ITU calls for a Marshall Plan for Africa's ICT development

"We need a Marshall Plan for ICT infrastructure development in Africa. We have to mobilise the world's human, financial and technical resources to support economic growth, employment and development across Africa."

These were the words of ITU Secretary-General Dr Hamadoun Touré at a press conference in Genevaheld jointly with the UN Global Alliance for ICT and Development (GAID). Dr Touré made his plea for Africa's ICT infrastructure when announcing details of this year?s Connect Africa Summit (details below). While investment in ICT infrastructure in Africa has improved dramatically in recent years, representing a total of US$8 billion in 2005 (up from US$3.5 billion in 2000), and growth in mobile phones has increased by as much as 400%, Africa has fallen back in overall connectivity. While mobile has surpassed fixed-line telephone access, fewer than 4 out of every 100 Africans have Internet access; broadband penetration remains below 1%; and 70% of all Internet traffic within Africais re-routed outside the continent, driving up costs for businesses and consumers. 

Dr Touré added that support was pouring in from partners in this endeavour, including from leading ICT companies in Silicon Valley and elsewhere who have been given the challenge of replicating their successes in Africa - as well as from governments, international organisations and development banks. He pointed out that the Chairman of Intel Corporation (Craig Barrett) is spearheading the efforts through his leadership of UN GAID

Only eight years remain to meet the 2015 targets of the UN Millennium Development Goals (MDG): drastic steps are required. Dr Touré pointed out that meeting ICT connectivity targets would act as a catalyst in achieving the broader development goals: "ICT is a means of creating wealth and sustainable economic growth." 

Further and welcome support for Connect Africa has made its presence felt. Speaking at an ITU function, UN Secretary-General Ban Ki-moon expressed his full support for Connect Africa, saying that it represented an important step in overcoming the Digital Divide. "This is an important vision," he said. "We need to make our best efforts, as part of our MDG programme, to bridge this gap." He also said that ITU should broaden its vision and commitment to meeting long-term global concerns, such as climate change.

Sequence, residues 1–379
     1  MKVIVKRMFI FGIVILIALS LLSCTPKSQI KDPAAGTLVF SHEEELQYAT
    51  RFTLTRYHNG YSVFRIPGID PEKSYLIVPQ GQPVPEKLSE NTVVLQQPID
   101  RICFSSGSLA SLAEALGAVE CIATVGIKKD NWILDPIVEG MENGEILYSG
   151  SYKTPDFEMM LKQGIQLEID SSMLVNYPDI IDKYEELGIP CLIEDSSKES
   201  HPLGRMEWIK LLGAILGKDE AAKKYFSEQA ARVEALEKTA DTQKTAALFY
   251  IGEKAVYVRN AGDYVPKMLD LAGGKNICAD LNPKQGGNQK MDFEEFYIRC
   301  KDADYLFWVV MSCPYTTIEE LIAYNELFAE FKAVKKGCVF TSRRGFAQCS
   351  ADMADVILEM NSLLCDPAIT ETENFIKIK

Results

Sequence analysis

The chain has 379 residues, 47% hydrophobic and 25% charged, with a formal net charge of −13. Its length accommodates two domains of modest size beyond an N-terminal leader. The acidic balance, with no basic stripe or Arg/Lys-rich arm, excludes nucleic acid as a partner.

"Connect Africa will not be just another Summit" said Dr Touré. "It will be a Summit of commitment between partners, not a meeting to negotiate new resolutions." The private sector, governments and international organisations will be called on to work together, and there will be a commitment to creating an environment that promotes the improvement of ICT. "ICT is a business, and the only way to ensure sustainability and large-scale effects is to provide an environment that lets business deliver ICT," added Dr Touré. "For too long we have had negative information coming from Africa; we have to bring positive news." 

Speaking on behalf of GAID, Walter Fust, Director-General of the Swiss Agency for Development and Cooperation, said: "ICT is extremely important for managing knowledge for development, and for bringing local knowledge into development." He stressed the importance of Connect Africa and said that emphasis should be laid on a few targeted areas, such as using ICT to empower people with disabilities and to "reverse the pyramid of learning" by ensuring that all schools are connected to the Internet. He added that the goal is to establish 500,000 telecentres worldwide by 2015. 

* While addressing the press conference, Dr Touré gave details of the Connect Africa Summit. It will be held in Kigali, Rwanda on 29-30 October 2007 under the patronage of Rwandan President Paul Kagame, and African Union Chairman John Kufour of Ghana . Connect Africa will be organised by ITU, the African Union, the World Bank and UN GAID, in partnership with the African Development Bank, the African Telecommunication Union and the UN Economic Commission for Africa. This collaborative effort will engage some 500 high-level stakeholders active in the region

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